CHARLOTTE, N.C. — The most unfortunate part of Clemson demolishing Notre Dame here Saturday is that we don’t get to see whether Brian Kelly was going to stand by his threat to boycott the Rose Bowl. The Fighting Irish will be no better than a College Football Playoff No. 4 seed on Selection Sunday, which would ticket them to the Sugar Bowl against the No. 1 seed. If they make the playoff at all.
After being trucked 34–10, Notre Dame’s CFP fate rests in the hands of the selection committee. A comfortable position now gives way to an anxious Selection Sunday. The Irish gave the committee a stink bomb of a last impression to ponder, a blowout loss that brought 8–1 Texas A&M into the picture as competition for the fourth and final spot.
Kelly did his duty as a lobbyist postgame, trying to sound unconcerned while listing Notre Dame’s playoff talking points.
“No doubt, this football team is one of the best four in the country,” Kelly said. “We’ll leave the rest of it up to the committee.
"We played 11 games. That matters. Testing your team week in and week out, no question that puts us as one of the top four teams in the country. … When you play 11 games and have a win over the No. 1 team in the country and beat an outstanding North Carolina team, I don’t know if you need to look any further than that."
The full body of work has some advantages over the Aggies: 10–1 vs. 8–1; a pair of wins over CFP top 15 teams (Clemson and North Carolina) vs. one A&M win (Florida); four victories over teams with winning records vs. two; a (barely) better margin of defeat in their one loss, 24 points vs. 28. But the Irish also threw up on the biggest stage of the season Saturday, leaving the committee with some pretty uninspiring options.
It was bad.
Bad enough to resurrect the label that has dogged Notre Dame for decades—that there is a chasm between that fabled program and the game’s elite. Kelly is absolutely the program’s best coach since Lou Holtz, and among the best in Irish history. But he’s got this on the body of work in big postseason games: a 42–14 loss to Alabama in the 2013 BCS championship game; a 44–28 loss to Ohio State in the 2016 Fiesta Bowl; a 30–3 loss to Clemson in the 2018 CFP semifinals; and now this.
The Irish thought they put that narrative to bed by beating then-No. 1 Clemson in a thriller last month, but it has bounced out of bed and back to the forefront now. The Tigers at full strength are much better than the Tigers that went to South Bend without the services of quarterback Trevor Lawrence and several key defensive players—and much better than Notre Dame. “There was no trophy handed out (Nov. 7),” Clemson coach Dabo Swinney said Saturday night. “That happens in Charlotte.”
After treating Notre Dame the way it treated Virginia, Pittsburgh, Miami, Virginia Tech and North Carolina in previous ACC title games, Swinney hoisted that trophy for the sixth straight season.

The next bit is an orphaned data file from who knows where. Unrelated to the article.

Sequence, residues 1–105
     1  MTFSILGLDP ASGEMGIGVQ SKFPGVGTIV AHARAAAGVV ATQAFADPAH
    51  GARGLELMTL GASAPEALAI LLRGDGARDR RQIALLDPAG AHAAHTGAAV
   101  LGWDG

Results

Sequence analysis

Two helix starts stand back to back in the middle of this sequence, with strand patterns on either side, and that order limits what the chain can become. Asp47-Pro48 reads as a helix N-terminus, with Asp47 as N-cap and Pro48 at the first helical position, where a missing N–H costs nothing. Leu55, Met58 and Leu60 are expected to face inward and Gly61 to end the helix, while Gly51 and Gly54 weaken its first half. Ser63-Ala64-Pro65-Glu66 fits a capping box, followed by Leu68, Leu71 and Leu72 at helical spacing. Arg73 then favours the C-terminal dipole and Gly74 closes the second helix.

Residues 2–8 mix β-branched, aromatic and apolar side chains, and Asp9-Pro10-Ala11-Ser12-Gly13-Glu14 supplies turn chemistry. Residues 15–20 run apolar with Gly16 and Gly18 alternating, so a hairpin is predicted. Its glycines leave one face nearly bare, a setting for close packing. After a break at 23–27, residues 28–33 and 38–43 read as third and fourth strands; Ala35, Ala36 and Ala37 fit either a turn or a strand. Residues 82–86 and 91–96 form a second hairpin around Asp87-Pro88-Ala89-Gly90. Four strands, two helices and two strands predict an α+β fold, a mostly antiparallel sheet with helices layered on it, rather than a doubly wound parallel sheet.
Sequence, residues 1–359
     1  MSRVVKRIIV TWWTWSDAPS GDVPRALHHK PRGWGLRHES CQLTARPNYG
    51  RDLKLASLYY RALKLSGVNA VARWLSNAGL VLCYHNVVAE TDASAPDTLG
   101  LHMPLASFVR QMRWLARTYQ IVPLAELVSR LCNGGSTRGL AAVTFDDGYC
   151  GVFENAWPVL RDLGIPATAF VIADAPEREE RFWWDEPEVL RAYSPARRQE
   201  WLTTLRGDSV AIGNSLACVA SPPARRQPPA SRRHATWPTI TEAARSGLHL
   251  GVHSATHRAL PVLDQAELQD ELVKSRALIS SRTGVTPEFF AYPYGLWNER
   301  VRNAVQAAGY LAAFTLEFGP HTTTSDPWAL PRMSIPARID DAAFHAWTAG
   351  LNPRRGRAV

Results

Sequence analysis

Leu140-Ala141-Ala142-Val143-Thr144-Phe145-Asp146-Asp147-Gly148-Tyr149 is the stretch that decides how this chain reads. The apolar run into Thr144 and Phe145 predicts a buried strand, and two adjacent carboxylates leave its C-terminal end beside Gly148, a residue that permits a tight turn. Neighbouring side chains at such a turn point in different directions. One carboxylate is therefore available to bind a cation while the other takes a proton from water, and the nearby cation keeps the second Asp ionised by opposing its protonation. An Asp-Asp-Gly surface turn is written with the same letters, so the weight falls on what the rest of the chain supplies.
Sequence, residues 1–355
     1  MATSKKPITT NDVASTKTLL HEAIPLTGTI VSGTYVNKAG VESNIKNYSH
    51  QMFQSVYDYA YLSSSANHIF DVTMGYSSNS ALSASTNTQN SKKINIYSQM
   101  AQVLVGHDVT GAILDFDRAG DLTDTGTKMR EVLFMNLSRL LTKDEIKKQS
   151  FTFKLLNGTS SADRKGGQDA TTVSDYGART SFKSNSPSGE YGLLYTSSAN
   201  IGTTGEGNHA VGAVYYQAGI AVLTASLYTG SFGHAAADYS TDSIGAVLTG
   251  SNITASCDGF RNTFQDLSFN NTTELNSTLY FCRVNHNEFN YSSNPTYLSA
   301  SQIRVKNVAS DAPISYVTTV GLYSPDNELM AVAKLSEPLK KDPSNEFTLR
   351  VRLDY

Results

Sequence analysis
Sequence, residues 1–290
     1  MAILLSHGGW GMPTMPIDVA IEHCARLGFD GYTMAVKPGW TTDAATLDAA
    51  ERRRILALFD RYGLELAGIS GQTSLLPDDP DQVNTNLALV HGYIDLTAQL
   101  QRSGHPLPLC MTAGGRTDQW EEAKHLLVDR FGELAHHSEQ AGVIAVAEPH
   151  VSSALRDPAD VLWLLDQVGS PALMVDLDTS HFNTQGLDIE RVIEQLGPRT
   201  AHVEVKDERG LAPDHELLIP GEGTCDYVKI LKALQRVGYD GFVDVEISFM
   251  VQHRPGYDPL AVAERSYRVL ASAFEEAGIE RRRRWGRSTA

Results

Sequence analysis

In this game, the Irish once again looked too slow to play with the big boys: Clemson scored touchdowns on plays of 67, 33, 24 and 34 yards. Notre Dame didn’t have a play longer than 30 yards all game.
The Irish were also whipped in the trenches. Their celebrated offensive line couldn’t protect quarterback Ian Book, giving up six sacks, and the Irish defense was gouged for 291 rushing yards and 8.1 yards per carry. “Our ability to win the trenches … was probably the most special part of the night,” Swinney said.
And, much like in Clemson’s 30–3 win over the Irish in the 2018 playoff, Book once again couldn’t come close to matching the ability of Lawrence. Nobody can, really, but the difference between the two was again glaring Saturday. While Lawrence was passing and running for 412 yards and three touchdowns, Book was harassed into a 184-yard total offense performance. That was nearly 200 fewer yards than Book produced in the double-overtime win over Clemson in November.
Despite the extent of this mismatch, Swinney was a good conference party man postgame. He went to bat for the ACC interloper Irish as emphatically as Kelly did.
“Absolutely, Notre Dame deserves to be in, because they’re dad-gum 10–1” Swinney said. “They lost to Clemson. They stepped in the ring with us twice, won one and lost one. Absolutely they deserve to be in, no doubt about that. They played 11 games. I would not punish people for playing more games."
Swinney also got some lobbying in on behalf of Lawrence for the Heisman Trophy. He’s one of the greats in college football history, but before Saturday Lawrence seemed to be outside the top candidates for the award. Missing two games didn’t help, especially when one of them was the first game against Notre Dame . But this performance reminded anyone who might have forgotten how good he is.
“It’s so obvious who the best player in the country is,” Swinney said. “I hate to even have to campaign for him.”
It’s campaign season in college football—for the Heisman, yes, but more immediately for the playoff. Clemson didn’t have to politick for the latter Saturday night, but Notre Dame did. The one thing the Irish could not afford happened—a blowout defeat that cast a shadow of doubt across a previously stellar season.